Insurance Status Affects Complication Rates After Elective Total Hip Arthroplasty

From the 2018 HVPAA National Conference

Xinning Li (Boston University School of Medicine), David Veltre (Boston University School of Medicine), Paul Yi (Johns Hopkins Department of Radiology), David Sing (Boston University School of Medicine), Emily Curry (Boston University School of Medicine), Eric Smith (Boston University School of Medicine)


Hip arthroplasty (HA) is a commonly performed orthopaedic procedure. Prior studies have suggested an association between health insurance status and complications after THA in small cohorts.


The purpose of our study was to utilize a large inpatient healthcare database to evaluate the effect of patient insurance status on complications following HA.


Data was obtained from the Nationwide Inpatient Sample between 2004 and 2011 and included patients undergoing HA as determined by ICD-9-CM procedure codes. Patient demographics and comorbidities were analyzed based on insurance type. The primary outcomes were medical complications, surgical complications and mortality during the same hospitalization period. A secondary analysis was performed using a matched cohort comparing patients with Medicare versus private insurance using the coarsened exact matching algorithm. Pearson’s chi-squared test and multivariate regression were performed.


Overall, 1,011,184 patients (64.8% Medicare, 29.3% private insurance, 3.7% Medicaid or uninsured, 2.0% Other insurance) fulfilled study inclusion criteria. The majority of patients were primary total HA (64.2%) and primary hip hemiarthroplasty (29.8%), with 6% revision HA. Multivariate regression analysis showed that patients with private insurance had fewer complications (OR=0.8, p<0.001) while those with Medicaid or no insurance had more medical complications (OR=1.06, p=0.005) compared to Medicare patients (Table 1 & Figure 1). Similar trends were found for both surgical complications and mortality. The matched cohort comparing Medicare to private insurance patients showed low in-hospital complication rates (<1%). More gastrointestinal and genitourinary complications were seen in the Medicare patient population, while more CNS, peripheral vascular, wound dehiscence, and DVT were seen in the Private insurance patients. The most common complication was postoperative anemia with 23% in the Medicare and 21% in the private insurance patients (p<0.001).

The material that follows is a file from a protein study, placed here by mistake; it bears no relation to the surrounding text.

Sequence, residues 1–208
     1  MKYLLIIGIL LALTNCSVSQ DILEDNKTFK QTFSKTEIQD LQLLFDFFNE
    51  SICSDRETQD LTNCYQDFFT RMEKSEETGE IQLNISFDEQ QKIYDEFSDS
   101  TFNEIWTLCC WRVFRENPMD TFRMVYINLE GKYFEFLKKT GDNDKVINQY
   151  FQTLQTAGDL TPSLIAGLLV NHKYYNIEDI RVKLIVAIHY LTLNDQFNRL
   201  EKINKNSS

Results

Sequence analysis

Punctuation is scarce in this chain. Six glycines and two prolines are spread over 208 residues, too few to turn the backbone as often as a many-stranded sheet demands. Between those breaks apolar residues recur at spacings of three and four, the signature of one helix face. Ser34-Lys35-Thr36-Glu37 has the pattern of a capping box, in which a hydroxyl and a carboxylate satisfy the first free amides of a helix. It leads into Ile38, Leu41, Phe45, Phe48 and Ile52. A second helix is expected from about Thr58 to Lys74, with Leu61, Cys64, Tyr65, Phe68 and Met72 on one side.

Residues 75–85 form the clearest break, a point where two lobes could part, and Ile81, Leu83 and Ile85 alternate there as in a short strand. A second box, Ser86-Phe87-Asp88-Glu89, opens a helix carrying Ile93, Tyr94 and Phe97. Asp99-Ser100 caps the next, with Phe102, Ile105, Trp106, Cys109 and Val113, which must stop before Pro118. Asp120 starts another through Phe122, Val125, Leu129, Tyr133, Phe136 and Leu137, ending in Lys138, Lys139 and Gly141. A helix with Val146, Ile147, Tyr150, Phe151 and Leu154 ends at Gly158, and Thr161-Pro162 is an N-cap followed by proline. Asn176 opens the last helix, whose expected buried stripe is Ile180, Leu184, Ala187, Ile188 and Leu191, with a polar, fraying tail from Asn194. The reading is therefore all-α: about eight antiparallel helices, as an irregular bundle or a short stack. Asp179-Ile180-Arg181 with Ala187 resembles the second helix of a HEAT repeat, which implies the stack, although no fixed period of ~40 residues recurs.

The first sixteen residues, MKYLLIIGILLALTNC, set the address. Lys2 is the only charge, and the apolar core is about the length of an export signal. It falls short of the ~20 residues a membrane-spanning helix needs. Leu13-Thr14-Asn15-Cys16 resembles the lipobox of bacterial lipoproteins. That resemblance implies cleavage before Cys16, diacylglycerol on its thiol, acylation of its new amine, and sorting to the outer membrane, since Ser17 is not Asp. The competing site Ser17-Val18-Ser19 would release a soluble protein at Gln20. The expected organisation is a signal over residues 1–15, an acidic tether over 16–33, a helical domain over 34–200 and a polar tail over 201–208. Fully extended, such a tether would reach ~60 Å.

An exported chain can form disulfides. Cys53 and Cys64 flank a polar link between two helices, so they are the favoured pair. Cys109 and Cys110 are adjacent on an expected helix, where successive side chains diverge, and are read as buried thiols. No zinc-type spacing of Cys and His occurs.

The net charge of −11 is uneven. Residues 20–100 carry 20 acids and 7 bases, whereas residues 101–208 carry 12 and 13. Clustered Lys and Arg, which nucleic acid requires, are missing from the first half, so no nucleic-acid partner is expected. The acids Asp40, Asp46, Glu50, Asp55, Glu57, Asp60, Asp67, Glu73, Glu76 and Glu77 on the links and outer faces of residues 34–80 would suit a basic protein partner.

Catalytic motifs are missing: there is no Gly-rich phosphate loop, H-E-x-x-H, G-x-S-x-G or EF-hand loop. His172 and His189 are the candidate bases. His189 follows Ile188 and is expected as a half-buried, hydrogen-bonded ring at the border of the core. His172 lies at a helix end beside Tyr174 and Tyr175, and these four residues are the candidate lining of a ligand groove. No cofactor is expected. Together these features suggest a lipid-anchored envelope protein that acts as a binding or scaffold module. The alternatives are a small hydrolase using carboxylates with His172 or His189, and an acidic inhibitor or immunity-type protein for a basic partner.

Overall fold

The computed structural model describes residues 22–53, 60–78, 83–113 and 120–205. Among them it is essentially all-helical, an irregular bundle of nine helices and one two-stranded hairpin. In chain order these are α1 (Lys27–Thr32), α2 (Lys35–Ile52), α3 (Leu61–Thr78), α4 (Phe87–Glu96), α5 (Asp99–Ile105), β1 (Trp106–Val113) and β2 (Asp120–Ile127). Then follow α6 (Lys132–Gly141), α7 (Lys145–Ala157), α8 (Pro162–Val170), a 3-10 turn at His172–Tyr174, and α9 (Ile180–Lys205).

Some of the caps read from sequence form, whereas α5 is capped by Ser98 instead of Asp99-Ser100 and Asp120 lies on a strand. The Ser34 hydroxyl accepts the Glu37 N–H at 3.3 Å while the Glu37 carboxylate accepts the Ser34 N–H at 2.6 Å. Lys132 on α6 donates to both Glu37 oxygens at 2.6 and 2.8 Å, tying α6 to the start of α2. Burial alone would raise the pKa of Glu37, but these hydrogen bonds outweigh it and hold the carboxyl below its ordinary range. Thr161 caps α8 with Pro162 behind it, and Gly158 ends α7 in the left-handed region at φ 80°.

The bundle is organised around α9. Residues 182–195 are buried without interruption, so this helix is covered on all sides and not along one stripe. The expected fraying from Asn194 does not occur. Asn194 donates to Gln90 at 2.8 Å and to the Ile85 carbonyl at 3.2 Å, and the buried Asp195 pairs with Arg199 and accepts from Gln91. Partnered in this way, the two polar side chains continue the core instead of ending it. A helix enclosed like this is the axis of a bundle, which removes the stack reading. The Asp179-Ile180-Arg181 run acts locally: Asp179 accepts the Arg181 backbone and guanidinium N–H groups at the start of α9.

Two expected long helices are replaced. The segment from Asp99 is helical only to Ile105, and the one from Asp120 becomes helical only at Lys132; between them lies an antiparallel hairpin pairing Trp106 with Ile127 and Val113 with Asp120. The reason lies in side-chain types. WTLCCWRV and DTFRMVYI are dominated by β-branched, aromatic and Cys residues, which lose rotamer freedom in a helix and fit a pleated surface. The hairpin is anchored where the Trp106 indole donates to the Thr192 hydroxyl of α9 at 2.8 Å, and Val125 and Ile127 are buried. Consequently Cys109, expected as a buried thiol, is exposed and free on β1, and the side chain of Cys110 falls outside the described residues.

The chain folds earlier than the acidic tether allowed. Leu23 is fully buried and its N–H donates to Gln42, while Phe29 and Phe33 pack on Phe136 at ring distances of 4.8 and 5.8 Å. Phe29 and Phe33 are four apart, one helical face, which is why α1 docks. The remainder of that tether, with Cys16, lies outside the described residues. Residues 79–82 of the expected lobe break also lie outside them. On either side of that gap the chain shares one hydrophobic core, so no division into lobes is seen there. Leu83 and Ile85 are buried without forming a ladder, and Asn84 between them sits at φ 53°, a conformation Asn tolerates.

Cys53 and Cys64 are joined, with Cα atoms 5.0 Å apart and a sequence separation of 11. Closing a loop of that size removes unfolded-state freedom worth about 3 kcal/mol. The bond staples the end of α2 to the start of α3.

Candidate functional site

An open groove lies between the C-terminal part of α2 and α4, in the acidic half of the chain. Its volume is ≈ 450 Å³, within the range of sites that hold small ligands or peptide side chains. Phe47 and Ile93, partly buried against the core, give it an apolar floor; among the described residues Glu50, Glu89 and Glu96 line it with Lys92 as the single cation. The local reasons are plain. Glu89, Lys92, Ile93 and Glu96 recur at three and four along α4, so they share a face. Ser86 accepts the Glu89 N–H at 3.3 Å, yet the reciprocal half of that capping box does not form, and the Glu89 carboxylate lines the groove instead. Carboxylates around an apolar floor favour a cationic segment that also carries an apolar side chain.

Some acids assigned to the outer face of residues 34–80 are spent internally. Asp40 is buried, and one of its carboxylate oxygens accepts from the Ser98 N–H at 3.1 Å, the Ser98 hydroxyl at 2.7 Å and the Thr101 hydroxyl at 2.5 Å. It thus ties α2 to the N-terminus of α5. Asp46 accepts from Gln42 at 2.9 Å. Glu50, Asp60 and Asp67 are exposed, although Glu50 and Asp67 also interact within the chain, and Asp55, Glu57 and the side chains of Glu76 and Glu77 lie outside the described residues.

Patients with Medicare, Medicaid or no insurance have higher risk of medical complications, surgical complications and mortality following hip arthroplasty. Using a matched cohort to directly compare Medicare to private insurance patients, the risk of postoperative complications are generally low, but different between the two insurance groups. The most common complication, postoperative anemia, occurs more frequently in patients with Medicare insurance.

Implications for the Patient

Significant disparities exist in THA outcomes and complications between patients with private insurance and non-private insurance. These findings have implications for patient selection for THA, as well as developing quality improvement initiatives to improve what is generally considered a high-value orthopaedic procedure.

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